Christian Aid Week

Preached on 13 May 2007
Christian Aid Week Service
by Michael Sadgrove

I am here, as you are, because I believe that Christian Aid Week is a necessary reminder of the way our planet really is, a beautiful but broken world.  I am here because it is wrong if my wealth and privileged way of life does not lead me to help the voiceless, dispossessed and poor.  I am here because, in the words of a Christian Aid slogan of some years ago, I believe in life before death - for everybody, whoever they are, wherever they are.  And if I say I believe all these things, it is not open to me not to play my part in turning belief into reality.  Christian Aid Week draws attention to this task in a way that is inescapable and necessary.  We who worship together tonight because we are Christians are heart and soul behind that task because we are Christians, and because of our common humanity.  It is as simple as that.

And we should be uncomfortable tonight.  This service is not an event to be at ease in.  The extent of the privileges we enjoy when so many have nothing ought to worry away at our consciences not simply this week but all the time.  To know that our wealth in the affluent north is directly linked to the poverty of so much of the developing world ought similarly to make us feel distinctively uneasy about many of our cherished attitudes and lifestyle choices.  We ought to be disturbed by the way protection, indebtedness and a great deal of trading practice day in, day out, erode the already precarious position of the poorest societies in our world.  If almighty God himself is affronted when justice is flouted and compassion withheld, we his people can hardly sleep easy in our beds. 

Yet I am aware of a different kind of discomfort during Christian Aid Week.  Here I am careful only to speak for myself.  Part of me worries away at my own ‘take' on world poverty as Christian Aid Week comes round again.  It prompts questions like these.  Am I feeling sorry enough for the plight of the poor?  Am I feeling guilty enough about how privileged I am in comparison with most of the rest of the world?  Am I well-informed enough about the social justice and development issues?  Will I make a generous enough contribution this year to satisfy a sense of duty done?  And by coming to this service, have I made my commitment public enough?  I am trying to be honest here, and to tell you that it can be problematic to enter into Christian Aid Week in a way that is truly authentic.  For I take it that watching ourselves and massaging our own consciences is the very opposite of what is required in our attitudes to poverty and need.  Jesus teaches us that the quality of our giving is as important as its measure.  It is how we care that matters as much as that we care.  It was the widow's mite, given without any thought of reward, any consciousness of her own virtue, that Jesus treasured.  What she gave was not only her money even if it was ‘all that she had'.  What she gave was herself.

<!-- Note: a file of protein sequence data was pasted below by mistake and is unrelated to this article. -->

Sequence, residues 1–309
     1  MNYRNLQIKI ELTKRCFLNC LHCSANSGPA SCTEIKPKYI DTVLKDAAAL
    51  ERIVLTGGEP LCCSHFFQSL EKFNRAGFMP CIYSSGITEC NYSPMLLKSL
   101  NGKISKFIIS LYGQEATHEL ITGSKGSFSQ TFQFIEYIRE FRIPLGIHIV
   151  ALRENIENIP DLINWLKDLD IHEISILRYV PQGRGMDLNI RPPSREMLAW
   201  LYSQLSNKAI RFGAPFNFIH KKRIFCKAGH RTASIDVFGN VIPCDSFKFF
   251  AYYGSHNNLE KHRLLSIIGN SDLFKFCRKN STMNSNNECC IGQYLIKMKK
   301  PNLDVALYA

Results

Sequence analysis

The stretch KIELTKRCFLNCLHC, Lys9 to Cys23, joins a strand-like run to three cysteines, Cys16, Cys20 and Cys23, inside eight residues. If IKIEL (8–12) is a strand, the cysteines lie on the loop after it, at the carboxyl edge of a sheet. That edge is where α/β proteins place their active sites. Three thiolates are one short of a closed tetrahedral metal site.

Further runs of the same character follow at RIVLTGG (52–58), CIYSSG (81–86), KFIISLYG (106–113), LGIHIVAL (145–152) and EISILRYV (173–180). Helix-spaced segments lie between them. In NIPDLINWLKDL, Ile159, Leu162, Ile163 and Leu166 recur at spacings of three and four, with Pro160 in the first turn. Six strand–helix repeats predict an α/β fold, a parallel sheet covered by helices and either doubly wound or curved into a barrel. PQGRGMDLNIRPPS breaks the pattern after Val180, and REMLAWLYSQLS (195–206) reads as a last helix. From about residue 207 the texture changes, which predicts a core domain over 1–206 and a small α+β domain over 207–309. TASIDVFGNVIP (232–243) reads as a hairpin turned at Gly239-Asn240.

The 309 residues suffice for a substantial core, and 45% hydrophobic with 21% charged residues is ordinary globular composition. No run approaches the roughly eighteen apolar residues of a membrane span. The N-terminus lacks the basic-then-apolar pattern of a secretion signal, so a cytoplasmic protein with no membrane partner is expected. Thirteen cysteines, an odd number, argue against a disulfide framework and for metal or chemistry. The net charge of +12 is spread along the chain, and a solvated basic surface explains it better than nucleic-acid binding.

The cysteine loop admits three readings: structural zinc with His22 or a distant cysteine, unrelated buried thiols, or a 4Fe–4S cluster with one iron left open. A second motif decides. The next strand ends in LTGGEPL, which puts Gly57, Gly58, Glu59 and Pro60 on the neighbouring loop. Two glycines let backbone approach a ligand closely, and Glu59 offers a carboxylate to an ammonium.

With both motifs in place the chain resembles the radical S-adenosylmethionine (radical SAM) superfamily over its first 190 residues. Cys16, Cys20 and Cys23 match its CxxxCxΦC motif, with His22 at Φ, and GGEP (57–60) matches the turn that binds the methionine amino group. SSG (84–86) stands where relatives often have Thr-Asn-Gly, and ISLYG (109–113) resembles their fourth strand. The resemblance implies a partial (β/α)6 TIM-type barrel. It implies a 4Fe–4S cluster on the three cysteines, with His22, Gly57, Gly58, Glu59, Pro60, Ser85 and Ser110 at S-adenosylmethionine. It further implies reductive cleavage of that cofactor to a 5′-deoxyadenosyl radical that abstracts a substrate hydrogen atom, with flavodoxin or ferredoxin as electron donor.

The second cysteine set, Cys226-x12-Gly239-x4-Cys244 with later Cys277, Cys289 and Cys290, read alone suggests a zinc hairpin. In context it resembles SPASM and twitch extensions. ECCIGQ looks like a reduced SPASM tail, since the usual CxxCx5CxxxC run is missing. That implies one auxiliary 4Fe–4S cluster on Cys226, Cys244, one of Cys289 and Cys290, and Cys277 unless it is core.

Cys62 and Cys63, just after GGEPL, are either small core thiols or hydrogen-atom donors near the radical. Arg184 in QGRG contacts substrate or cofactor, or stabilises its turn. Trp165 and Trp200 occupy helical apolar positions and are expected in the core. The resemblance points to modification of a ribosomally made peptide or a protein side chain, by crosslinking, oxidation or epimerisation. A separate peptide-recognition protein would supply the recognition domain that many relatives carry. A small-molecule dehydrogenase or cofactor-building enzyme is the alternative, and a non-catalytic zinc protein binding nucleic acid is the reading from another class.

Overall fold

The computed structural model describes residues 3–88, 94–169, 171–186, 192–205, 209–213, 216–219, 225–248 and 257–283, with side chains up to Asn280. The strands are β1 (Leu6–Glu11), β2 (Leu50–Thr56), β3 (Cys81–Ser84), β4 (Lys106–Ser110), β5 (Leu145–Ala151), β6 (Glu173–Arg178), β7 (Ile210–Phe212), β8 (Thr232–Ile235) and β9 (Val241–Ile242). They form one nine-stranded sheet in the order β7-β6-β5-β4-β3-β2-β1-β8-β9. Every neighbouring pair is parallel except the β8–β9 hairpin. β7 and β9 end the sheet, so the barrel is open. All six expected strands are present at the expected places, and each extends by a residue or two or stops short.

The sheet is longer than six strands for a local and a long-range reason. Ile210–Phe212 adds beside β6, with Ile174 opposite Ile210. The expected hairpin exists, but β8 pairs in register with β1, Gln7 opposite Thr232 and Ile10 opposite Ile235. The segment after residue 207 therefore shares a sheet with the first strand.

This selfless way of giving is what Jesus himself lived out.  Our gospel reading stands at the outset of St. John's passion narrative.  Scholars call it ‘The Book of Glory' because of how Jesus speaks of his own death, not as failure or disaster but as his hour of splendour.  Just after our passage, Jesus offers a sublime prayer of self-offering: ‘Now is my soul troubled.  And what should I say - Father, save me from this hour?  No, it is for this reason that I have come to this hour.  Father, glorify your name.'  This is what tonight's reading is leading up to. ‘The hour has come for the Son of Man to be glorified.  Very truly I tell you, unless a grain of wheat falls into the ground and dies, it remains just a single grain; but if it dies, it bears much fruit.' The way of Jesus is to lay down his life for others, as he puts it later on.